Mark Warner began by saying these types of events are excellent opportunities for sharing experiences (positive or negative) and getting like-minded people together. Mark explained how we (Leeds Beckett University) want to be the educated client, informing the design team with actual data. Mark described how it has taken 8 years to get sustainability into the University’s corporate strategic plan and it’s important now to prove that it works. Mark talked in detail about problems with specifying recycled content into tenders. He explained we ask for investment appraisals not ‘value engineering’ or cost cutting when looking at energy efficiency. The University has a responsibility to be the social conscience and critic of society (New Zealand Education Act) and using recycled products is very important in closing the loop. The University achieves 90%+ recycled rates on construction projects. Mark explained that some of the supply chain cannot provide information on recycled content of products. Mark’s plea is that everybody starts asking for recycled content in tenders so if lots of major organisations do this they will have to start to listen. Mark confirmed there are 2 Passivhaus townhouses on the Headingley campus. Mark works very closely with the research school when working on tenders. The Portland building is currently undergoing an extensive refurbishment to open up existing vents to naturally ventilate floors. Mark explained it seems to be working well so far but further research is required by Dr James Parker (the next speaker) to validate our design and in use experience. There are still another 7 floors to be refurbished and Mark agreed this echoes what Mark Siddall said previously about highlighting problems early on in a project.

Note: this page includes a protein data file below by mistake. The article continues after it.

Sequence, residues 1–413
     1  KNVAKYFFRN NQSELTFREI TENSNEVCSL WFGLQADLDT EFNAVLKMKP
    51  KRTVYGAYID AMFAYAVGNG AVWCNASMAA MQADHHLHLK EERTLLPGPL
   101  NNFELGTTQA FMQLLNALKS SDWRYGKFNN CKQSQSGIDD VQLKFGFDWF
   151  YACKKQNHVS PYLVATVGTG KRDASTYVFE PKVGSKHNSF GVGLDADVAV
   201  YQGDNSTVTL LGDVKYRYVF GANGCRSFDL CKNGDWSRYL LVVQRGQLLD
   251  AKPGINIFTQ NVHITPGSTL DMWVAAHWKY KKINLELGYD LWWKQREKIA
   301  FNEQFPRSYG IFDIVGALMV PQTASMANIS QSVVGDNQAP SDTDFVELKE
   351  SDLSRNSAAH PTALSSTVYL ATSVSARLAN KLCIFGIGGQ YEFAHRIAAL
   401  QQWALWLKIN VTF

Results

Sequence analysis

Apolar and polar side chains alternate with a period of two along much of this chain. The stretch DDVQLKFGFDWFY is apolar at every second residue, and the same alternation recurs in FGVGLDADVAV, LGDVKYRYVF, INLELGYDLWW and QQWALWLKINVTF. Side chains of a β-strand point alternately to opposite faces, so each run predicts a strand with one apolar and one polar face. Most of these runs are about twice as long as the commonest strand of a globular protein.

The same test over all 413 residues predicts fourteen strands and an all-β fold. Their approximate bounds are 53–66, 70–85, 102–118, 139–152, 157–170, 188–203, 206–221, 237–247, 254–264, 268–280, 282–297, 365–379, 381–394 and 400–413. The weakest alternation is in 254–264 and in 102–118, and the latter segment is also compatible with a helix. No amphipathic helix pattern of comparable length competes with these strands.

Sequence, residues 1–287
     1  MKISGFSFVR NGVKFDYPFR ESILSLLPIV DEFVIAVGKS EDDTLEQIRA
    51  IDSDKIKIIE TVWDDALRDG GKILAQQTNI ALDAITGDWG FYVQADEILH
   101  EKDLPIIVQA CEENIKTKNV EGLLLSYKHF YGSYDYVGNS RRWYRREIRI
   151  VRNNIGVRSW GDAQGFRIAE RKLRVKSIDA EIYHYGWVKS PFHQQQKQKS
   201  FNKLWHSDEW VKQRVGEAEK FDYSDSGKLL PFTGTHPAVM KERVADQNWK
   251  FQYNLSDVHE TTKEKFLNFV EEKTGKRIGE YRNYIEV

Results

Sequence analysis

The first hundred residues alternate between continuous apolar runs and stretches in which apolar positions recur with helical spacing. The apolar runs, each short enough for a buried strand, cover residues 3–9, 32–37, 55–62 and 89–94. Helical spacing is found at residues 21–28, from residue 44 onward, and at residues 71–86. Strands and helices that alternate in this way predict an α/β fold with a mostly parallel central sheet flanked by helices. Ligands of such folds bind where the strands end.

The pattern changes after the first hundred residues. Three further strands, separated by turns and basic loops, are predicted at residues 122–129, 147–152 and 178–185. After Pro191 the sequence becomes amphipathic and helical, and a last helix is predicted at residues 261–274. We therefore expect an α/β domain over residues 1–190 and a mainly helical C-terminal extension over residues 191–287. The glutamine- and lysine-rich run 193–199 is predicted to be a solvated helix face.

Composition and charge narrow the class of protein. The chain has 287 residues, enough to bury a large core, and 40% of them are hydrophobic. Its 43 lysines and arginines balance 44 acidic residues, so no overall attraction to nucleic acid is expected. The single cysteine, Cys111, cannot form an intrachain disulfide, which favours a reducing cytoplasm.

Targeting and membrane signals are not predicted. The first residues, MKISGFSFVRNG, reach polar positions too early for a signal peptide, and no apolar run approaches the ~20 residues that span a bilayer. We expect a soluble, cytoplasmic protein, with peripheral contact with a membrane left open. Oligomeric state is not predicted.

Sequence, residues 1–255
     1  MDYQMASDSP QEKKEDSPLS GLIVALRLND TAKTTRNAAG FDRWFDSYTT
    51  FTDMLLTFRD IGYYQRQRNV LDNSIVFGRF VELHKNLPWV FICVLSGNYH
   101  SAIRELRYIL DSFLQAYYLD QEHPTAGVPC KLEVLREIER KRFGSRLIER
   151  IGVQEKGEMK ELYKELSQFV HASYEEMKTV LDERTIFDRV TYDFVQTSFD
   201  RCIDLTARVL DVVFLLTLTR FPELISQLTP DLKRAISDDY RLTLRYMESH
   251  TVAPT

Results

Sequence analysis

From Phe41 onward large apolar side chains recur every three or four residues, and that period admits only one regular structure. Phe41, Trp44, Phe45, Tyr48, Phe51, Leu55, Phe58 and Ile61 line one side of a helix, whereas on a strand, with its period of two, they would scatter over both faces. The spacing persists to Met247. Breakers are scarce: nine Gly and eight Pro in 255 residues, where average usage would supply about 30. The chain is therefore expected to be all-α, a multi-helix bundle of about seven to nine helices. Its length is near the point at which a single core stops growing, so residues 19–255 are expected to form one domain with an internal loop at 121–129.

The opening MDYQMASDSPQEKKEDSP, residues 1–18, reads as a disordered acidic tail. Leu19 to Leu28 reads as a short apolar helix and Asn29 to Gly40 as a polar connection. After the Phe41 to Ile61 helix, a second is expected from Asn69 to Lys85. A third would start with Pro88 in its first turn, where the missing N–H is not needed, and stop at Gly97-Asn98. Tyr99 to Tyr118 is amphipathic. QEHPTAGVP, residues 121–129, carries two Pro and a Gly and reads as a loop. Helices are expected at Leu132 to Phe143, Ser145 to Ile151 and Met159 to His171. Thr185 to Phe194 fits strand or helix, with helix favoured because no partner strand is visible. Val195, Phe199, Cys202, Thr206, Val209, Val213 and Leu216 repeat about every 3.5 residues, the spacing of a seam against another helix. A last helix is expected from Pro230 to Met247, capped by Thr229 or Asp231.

James Parker began by praising Mark Sidall. James talked about a case study on the University Calverley Building which has a 60s built concrete frame. James explained it’s important to remember this building had been very well insulated. Focus was on the top 3 floors to begin with. James explained his department is keen to look at domestic buildings. The study looks at what buildings are made of, internal heat gains and understanding what is inside. Analysis was carried out on overheating and heat gain. Occupancy levels are an important factor and extremes have to be considered such as maximum staff levels and all computers being switched on. James talked about early design analysis and the impact of local shading and heat gain from the sun. James joked that we should build really tall buildings in front of buildings that overheat! James explained the study looks at overheating and different things that can be introduced such as blinds. If you reduce heat gain then you also reduce electricity. James described how an isolated study had taken place on room 1010 which is a busy office that is always occupied. The study had looked at this office on one of the hottest weeks of the year. James stated to be a more informed client you need to understand more. It is really important to test, examine and monitor and to feedback to the design team.
Q and A summary
Observations from the floor included:-
- Concerns about the EPC on existing buildings. Is this still worth the paper it is written on?
- EnerPHit standard uplift and not being comparable
- Is the PH Quality Assurance the best standard?
- How will the CIBSE comfort model affect things?
- Has testing been done on fluid dyanmics?
- You’ve transformed a building into a building that is performing better. It’s important to put your study into perspective.
Mark Warner agreed that the results of the study have been great and the information gleaned will be used in future design. James agreed it is cheaper and easier to deal with issues at the start of a project.
Some slides from the presentation given by Mark Siddall can be found here.
Our next Green Vision event will take place on 12th November 2014 and will focus on Workplace Productivity: The New Business Case for Sustainable Buildings. To hear more about this event and to book your place see here
Author: Donna Lee